How Historically Accurate Is Braveheart?

The 1995 film "Braveheart" is understandably considered by many to be a cinematic masterpiece, depicting William Wallace and his role in the buildup to the First Scottish War of Independence. The film combines stunning camerawork, multiple interconnected subplots, powerful performances by most of the cast, and massive set-piece battle scenes. Ever since its release it has been the subject of pop cultural references and parodies, and has become the image many think of when the subject of Scottish independence comes up. 

That being said, the film has a multitude of inaccuracies which defy historical evidence to a staggering extent. Wallace, for instance, was not a revenge-fueled Scottish commoner, but a politically driven knight whose Scottish nationality is a debated subject. Many of the events presented are greatly exaggerated and/or misrepresented, if not outright fabricated, such as Robert the Bruce's supposed betrayal of Wallace, or the extent of English dominance in Scotland. The film is not a total fantasy and is at least faithful to Wallace's tenacity in battle and his execution, which by all accounts was as brutal as the film implied (via All That's Interesting). Yet it is important that the film's extensive creative liberties be distinguished from reality.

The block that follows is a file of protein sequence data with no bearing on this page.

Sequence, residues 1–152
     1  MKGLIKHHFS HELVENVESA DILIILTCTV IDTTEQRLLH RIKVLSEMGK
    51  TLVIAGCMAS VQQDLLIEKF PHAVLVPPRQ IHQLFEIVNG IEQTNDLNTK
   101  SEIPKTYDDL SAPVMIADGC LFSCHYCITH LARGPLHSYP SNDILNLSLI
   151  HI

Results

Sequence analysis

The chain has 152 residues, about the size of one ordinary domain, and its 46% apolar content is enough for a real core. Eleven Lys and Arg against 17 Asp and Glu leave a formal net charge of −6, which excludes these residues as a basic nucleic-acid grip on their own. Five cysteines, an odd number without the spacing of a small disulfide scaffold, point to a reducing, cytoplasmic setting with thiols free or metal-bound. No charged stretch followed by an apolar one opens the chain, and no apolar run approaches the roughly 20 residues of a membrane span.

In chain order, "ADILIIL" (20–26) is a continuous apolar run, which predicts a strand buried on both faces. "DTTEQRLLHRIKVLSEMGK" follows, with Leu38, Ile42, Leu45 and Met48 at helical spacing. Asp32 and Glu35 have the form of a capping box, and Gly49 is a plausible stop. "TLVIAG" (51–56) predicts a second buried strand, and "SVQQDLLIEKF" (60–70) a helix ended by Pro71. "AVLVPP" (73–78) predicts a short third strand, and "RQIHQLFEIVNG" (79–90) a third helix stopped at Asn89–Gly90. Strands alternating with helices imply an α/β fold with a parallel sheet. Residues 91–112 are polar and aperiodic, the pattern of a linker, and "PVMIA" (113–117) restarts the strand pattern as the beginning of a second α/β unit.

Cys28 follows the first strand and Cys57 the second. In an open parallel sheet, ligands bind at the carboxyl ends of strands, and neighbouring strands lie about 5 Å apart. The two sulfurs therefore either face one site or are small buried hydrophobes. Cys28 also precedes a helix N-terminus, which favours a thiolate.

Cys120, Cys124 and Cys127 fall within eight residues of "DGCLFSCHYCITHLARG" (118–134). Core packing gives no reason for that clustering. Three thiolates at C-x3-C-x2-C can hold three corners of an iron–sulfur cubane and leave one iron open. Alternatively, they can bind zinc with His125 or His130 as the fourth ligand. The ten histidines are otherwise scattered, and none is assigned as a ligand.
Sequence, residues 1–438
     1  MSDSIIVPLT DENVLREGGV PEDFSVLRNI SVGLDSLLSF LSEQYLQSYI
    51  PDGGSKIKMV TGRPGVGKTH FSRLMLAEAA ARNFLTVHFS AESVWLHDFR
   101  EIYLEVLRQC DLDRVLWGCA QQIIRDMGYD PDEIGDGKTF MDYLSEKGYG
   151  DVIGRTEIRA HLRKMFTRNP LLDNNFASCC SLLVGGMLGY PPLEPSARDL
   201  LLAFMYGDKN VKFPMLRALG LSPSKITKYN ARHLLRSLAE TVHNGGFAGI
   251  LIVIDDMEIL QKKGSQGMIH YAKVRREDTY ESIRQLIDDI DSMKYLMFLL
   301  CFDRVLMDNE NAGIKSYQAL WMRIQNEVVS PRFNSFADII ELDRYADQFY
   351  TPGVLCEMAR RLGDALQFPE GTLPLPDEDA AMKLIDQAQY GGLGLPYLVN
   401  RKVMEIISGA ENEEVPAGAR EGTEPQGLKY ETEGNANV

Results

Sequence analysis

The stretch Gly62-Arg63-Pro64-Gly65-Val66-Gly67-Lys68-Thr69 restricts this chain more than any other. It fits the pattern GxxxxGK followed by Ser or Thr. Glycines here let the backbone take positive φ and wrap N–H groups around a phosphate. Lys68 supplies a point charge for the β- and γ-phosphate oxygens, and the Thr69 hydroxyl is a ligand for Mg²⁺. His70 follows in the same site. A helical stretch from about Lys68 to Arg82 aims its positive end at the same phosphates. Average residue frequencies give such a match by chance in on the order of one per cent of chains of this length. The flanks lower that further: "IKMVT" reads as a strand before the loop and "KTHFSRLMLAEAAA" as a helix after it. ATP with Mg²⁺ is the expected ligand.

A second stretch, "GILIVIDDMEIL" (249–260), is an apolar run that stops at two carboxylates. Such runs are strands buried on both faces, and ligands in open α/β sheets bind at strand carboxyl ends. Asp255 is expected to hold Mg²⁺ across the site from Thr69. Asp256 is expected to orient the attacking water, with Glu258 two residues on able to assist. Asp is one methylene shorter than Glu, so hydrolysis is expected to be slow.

Braveheart's battle scenes are epic, but strategically nonsensical

The attire of the English and Scottish armies is one of the most immediately noticeable inaccuracies. The English are shown wearing lamellar-like armor — a series of small plates in rows — an orange surcoat, and for many, a helmet. The Scottish are shown to have little to no armor other than a shield and maybe a brigandine, a cloth garment with small plates sewed on, to protect the torso. In truth, both sides would have been limited by either their personal budgets or those of their commanders. For this reason it was in the best interest of every soldier to have at least a helmet and shield, but the film's version of the Scottish army often ignores such measures.

Other inaccuracies relate to how the battles featured with orderly, historical spear and pike formations being disregarded for chaotic brawls as both sides resort to sword use, which was somewhat corrected in later films like Netflix's "Outlaw King" (via Popular Mechanics). The Battle of Stirling as Gibson presents it is an especially egregious example of this. Historically the battle took place on Stirling Bridge (pictured above) — not a wide open field, as in the film. This is significant: Since the English could exploit neither their superior numbers nor equipment on the narrow bridge, the Scottish were able to meet them on equal footing (via MovieBabble). Instead, the film shows the Scottish win through brute force, despite being completely outmatched in numbers, personal protection, and until the end of the battle, cavalry support.